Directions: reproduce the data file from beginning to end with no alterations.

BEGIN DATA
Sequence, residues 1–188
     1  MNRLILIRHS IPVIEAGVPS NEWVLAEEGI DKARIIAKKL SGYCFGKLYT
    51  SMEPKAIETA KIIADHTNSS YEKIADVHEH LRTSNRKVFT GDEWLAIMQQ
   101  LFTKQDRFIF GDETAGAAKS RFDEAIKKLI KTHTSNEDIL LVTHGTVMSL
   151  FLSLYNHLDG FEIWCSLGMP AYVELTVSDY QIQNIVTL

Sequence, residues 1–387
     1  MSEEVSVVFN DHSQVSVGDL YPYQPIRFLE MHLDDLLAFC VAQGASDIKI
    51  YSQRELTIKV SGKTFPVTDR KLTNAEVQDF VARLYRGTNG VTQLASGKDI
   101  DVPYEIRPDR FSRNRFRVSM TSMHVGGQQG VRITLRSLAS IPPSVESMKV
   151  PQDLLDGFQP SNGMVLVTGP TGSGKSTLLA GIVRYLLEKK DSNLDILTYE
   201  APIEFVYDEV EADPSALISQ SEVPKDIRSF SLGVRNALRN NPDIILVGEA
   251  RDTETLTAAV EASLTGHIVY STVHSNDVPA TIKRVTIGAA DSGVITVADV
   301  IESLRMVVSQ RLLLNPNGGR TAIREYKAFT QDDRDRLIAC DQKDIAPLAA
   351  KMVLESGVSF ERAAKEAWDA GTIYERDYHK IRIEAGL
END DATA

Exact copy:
Sequence, residues 1–188
     1  MNRLILIRHS IPVIEAGVPS NEWVLAEEGI DKARIIAKKL SGYCFGKLYT
    51  SMEPKAIETA KIIADHTNSS YEKIADVHEH LRTSNRKVFT GDEWLAIMQQ
   101  LFTKQDRFIF GDETAGAAKS RFDEAIKKLI KTHTSNEDIL LVTHGTVMSL
   151  FLSLYNHLDG FEIWCSLGMP AYVELTVSDY QIQNIVTL

Sequence, residues 1–387
     1  MSEEVSVVFN DHSQVSVGDL YPYQPIRFLE MHLDDLLAFC VAQGASDIKI
    51  YSQRELTIKV SGKTFPVTDR KLTNAEVQDF VARLYRGTNG VTQLASGKDI
   101  DVPYEIRPDR FSRNRFRVSM TSMHVGGQQG VRITLRSLAS IPPSVESMKV
   151  PQDLLDGFQP SNGMVLVTGP TGSGKSTLLA GIVRYLLEKK DSNLDILTYE
   201  APIEFVYDEV EADPSALISQ SEVPKDIRSF SLGVRNALRN NPDIILVGEA
   251  RDTETLTAAV EASLTGHIVY STVHSNDVPA TIKRVTIGAA DSGVITVADV
   301  IESLRMVVSQ RLLLNPNGGR TAIREYKAFT QDDRDRLIAC DQKDIAPLAA
   351  KMVLESGVSF ERAAKEAWDA GTIYERDYHK IRIEAGL